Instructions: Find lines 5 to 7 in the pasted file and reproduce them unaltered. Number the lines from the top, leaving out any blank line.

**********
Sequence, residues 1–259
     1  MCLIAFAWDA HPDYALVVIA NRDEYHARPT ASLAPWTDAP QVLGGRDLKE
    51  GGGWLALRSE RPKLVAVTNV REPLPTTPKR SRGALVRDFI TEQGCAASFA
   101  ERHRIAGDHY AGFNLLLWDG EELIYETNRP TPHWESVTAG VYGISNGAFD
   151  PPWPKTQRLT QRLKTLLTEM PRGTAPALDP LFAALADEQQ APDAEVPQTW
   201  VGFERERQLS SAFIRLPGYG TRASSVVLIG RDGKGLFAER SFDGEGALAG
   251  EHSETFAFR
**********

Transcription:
   151  PPWPKTQRLT QRLKTLLTEM PRGTAPALDP LFAALADEQQ APDAEVPQTW
   201  VGFERERQLS SAFIRLPGYG TRASSVVLIG RDGKGLFAER SFDGEGALAG
   251  EHSETFAFR